Music retail chain HMV is celebrating its 100th anniversary with some stern words for Amazon.
The 100-year-old company is celebrating its centenary through many ups and downs. The first HMV Shop was opened in a former men’s clothing store. Composer Edward Elgar was on hand for the opening – paving the way for many in-store appearances over the course of the next century.
“[In the 60s], if you wanted fashionable clothes, you went to Carnaby Street. If you wanted a record by an obscure R&B artist who’d been mentioned by Jagger or Clapton, you went to Oxford Street. Just to be seen there was a mark of sophistication,” says Alan Johnson, speaking about the influence HMV had in years past.
While that illustrious history has been saved by a Canadian entrepreneur, he has some harsh words for today’s fast retail giant, Amazon. Doug Putman bought HMV out of bankruptcy in 2019. He has unveiled plans to add up to 10 stores to its existing roster of 100. And he believes Amazon is “a very selfish business.”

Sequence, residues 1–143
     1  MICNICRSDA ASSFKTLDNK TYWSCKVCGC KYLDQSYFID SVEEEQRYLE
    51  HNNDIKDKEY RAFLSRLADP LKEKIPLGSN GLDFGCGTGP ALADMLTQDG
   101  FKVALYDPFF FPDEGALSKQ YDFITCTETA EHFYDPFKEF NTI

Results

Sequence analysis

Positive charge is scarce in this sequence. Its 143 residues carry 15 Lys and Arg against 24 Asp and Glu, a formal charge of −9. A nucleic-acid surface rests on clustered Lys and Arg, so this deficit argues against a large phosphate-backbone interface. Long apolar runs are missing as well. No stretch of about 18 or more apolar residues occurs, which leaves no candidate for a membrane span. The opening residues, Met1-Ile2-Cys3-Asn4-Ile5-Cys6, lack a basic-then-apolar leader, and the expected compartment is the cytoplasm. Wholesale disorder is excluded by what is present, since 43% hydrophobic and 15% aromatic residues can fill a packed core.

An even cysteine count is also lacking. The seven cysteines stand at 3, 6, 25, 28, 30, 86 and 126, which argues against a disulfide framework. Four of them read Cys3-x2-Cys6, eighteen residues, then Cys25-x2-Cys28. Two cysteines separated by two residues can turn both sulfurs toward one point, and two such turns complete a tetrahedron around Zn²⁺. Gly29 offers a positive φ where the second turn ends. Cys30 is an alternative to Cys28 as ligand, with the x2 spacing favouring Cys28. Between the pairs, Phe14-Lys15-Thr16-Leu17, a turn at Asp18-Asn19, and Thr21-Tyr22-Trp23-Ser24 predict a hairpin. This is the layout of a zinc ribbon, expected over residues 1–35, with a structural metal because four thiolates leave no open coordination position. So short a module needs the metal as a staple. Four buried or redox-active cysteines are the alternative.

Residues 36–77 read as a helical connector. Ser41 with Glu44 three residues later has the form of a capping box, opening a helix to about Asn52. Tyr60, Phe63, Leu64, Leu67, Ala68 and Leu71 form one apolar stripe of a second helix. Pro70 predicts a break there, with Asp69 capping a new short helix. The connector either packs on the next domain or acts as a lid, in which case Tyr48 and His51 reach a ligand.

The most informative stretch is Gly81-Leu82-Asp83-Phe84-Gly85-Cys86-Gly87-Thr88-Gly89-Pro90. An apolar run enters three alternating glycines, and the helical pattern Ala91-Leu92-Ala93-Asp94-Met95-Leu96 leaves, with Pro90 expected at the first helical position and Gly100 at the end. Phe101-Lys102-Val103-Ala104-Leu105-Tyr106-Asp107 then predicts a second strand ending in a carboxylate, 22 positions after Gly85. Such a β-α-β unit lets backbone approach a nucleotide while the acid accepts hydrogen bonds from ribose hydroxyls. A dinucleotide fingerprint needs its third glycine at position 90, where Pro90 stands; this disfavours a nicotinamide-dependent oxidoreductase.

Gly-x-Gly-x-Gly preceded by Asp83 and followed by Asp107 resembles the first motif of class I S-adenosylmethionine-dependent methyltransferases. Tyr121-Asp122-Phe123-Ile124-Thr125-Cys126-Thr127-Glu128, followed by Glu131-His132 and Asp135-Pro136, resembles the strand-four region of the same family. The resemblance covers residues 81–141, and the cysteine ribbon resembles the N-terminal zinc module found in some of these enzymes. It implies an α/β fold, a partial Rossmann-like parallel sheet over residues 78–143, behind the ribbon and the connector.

“If the government does the right thing on rates and landlords are willing to work with us, it makes sense to open more,” Putman told The Mirror about opening more HMV stores across the UK. “If the government doesn’t then it will be impossible. We need to get something that levels the playing field with [online rivals like Amazon]. I want to encourage more people to open shops.”
HMVs glory days in the mid-80s and early-90s soon came to a screeching halt with digital music. In the mid-90s, there were 300 stores across the globe, from Tokyo to Sydney to New York City. The retailer continued its massive expansion until 2011, when it closed 40 stores due to failing sales.
Two years later, in 2013, HMV called in administrators to restructure the company. In 2014, the company briefly regained its crown as the top seller of music and DVDs – but it wouldn’t last.
HMV filed for bankruptcy again in 2018, which is when Doug Putman appeared on the scene. Putman was the CEO of the Canadian record chain Sunrise Records. He purchased HMV in 2019, saving 108 stores from closing. 363 Oxford Street remains closed, however.
“To me, the HMV experience is having great music playing, discovering new artists, and talking to like-minded people,” Putman told The Guardian. “Trying to be everything to everyone alienates your core customer, so you double down on what your customers actually want – and they wanted vinyl.”